Popped in to see St Mary the Virgin in Fordwich after doing that traditional Sunday activity of visiting the DIY shop. This is one of seventeen Kent churches entrusted to the care of the Churches Conservation Trust, a charity who sole function is to ensure that the historical and material aspects of local Churches is maintained and that they can remain open to the public.
Fordwich sits comfortably and sleepily on the banks of the Stour as it winds it’s way to the sea. The present town bears very little relation to the buzzing place it must have been when it served as the main port for the arrival of Caen stone from France during the Norman reconstruction of the nearby Canterbury Cathedral in 12C and 13C. Nowadays it’s main claim to fame is that it is the smallest place in the country to have a Town Council and it also has two fine pubs one of which is conveniently opposite the miniscule Town Hall!
Having negotiated my way past innumerable gravestones I arrived at the Church door. The church itself is very much more substantial than the Romney Marsh building I visited last Sunday and the setting is no where near as unique but that said it does have some interesting features. I guess from an historical point of view the sarcophagus (that supposedly once contained the remains of St Augustine of Canterbury) is of note. dating from 1100, it is carved with columns and with fishscale tiles on the sloping top making it look a bit like a Greek temple but but beyond that the thing itself is pretty featureless.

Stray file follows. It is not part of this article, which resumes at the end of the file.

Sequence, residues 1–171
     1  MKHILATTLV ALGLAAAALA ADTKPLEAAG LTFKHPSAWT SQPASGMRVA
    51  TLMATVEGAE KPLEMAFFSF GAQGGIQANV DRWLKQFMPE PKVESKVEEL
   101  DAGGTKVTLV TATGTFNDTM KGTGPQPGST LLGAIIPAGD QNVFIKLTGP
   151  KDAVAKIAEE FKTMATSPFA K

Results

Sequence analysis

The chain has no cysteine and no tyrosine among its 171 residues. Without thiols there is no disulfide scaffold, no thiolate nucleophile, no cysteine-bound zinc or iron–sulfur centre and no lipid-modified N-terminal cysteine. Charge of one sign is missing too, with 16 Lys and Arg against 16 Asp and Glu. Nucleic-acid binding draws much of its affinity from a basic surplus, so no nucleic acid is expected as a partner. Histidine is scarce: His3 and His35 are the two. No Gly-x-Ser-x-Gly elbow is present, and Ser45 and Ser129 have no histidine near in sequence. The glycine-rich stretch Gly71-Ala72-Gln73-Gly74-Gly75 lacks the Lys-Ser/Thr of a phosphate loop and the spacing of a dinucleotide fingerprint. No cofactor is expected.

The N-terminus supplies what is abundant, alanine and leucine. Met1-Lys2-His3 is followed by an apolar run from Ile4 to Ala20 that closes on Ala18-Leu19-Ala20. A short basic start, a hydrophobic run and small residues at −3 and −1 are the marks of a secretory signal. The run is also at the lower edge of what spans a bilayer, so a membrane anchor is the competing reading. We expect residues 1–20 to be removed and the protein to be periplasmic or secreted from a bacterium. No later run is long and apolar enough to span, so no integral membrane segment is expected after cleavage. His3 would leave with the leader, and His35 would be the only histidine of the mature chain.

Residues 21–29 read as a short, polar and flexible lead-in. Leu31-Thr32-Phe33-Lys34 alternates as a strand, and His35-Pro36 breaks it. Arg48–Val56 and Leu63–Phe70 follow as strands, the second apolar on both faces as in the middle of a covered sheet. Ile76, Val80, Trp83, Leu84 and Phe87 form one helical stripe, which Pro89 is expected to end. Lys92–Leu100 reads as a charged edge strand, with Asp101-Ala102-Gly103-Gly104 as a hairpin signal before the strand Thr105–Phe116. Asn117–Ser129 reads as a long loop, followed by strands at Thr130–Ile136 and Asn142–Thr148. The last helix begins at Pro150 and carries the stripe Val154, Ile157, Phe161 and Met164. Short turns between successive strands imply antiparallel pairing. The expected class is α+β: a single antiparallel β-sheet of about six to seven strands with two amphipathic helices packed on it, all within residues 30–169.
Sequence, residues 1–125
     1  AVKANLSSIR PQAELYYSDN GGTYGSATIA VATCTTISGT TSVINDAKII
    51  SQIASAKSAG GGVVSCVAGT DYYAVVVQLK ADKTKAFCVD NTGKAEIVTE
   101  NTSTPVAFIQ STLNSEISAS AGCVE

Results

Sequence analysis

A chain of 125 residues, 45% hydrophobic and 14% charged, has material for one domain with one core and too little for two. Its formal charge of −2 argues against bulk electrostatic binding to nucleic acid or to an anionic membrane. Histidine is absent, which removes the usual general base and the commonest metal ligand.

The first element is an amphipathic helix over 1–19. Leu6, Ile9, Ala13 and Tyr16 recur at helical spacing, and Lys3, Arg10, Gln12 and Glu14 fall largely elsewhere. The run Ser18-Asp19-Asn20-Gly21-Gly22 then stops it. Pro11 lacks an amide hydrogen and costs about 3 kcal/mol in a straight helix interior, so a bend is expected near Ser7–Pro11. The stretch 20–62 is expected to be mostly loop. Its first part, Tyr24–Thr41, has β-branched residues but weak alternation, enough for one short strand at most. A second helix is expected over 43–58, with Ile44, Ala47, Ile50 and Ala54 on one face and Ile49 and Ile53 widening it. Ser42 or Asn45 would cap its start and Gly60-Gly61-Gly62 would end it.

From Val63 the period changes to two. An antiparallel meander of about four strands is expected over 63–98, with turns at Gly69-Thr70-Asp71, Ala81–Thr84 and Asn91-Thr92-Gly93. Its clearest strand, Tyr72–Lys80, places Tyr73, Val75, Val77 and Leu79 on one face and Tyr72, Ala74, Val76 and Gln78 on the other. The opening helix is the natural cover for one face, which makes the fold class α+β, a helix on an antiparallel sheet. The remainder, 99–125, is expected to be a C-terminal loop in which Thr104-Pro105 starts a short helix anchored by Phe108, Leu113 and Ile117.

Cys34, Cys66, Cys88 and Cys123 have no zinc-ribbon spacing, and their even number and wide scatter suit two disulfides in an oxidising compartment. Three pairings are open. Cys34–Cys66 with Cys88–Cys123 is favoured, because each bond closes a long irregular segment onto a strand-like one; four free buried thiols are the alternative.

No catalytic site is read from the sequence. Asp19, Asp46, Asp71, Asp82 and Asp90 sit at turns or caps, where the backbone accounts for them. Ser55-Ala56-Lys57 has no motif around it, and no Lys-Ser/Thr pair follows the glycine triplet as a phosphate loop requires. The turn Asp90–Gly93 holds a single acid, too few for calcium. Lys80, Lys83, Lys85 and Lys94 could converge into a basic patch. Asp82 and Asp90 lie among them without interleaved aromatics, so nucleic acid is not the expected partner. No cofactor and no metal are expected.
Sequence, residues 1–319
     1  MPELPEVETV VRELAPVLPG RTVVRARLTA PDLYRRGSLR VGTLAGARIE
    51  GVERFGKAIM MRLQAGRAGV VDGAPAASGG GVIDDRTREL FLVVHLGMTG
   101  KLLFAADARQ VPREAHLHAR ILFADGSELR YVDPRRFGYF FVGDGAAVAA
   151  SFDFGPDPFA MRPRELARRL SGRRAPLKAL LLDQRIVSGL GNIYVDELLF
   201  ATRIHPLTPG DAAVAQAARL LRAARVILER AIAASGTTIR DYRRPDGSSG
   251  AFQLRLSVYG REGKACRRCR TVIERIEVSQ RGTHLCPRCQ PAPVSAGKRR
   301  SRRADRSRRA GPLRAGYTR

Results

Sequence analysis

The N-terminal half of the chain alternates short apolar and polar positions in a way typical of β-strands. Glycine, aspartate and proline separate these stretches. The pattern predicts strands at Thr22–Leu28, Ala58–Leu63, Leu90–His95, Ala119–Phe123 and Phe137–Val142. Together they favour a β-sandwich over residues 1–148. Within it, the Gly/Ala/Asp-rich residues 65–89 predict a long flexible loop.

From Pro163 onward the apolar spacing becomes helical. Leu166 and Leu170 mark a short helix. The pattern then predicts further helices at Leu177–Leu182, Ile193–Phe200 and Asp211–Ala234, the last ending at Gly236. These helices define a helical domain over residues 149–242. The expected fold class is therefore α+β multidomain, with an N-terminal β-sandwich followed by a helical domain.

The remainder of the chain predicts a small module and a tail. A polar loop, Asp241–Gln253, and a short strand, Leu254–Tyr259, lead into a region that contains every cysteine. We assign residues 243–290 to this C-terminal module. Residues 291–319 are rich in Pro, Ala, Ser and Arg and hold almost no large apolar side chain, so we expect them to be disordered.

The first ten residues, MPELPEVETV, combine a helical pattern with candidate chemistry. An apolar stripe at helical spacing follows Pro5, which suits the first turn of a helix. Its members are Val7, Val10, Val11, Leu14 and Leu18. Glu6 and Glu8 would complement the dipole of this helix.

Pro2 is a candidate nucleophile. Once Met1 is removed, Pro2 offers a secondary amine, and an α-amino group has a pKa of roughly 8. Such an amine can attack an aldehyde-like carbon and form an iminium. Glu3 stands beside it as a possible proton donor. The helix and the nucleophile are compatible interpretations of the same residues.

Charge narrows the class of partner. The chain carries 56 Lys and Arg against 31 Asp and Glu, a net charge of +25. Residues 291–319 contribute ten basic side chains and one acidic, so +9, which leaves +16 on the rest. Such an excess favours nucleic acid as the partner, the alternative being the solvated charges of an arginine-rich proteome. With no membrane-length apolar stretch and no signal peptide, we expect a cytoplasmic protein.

The painting (1688) above the tympanium represents the Royal Arms of William III and Commandments but the best thing about it is the way it exactly follows the shape of the chancel arch below and so serves to emphasise the architectural structure of the building as well as to remind us to be good and pious.
And then there is the fine hand-pumped organ with a large lever protruding from the rear which, no doubt, someone who didn’t pay enough attention to the commandments above the Chancel Arch was obliged to pump up and down until given the signal to stop from the organist.
And finally, the crowning glory has got to be the curious bully-beef tin hooked on the side of one of the pews. It certainly never had the honour of holding any relics but what a fantastic piece of folk art – and I have no idea what it was made to hold!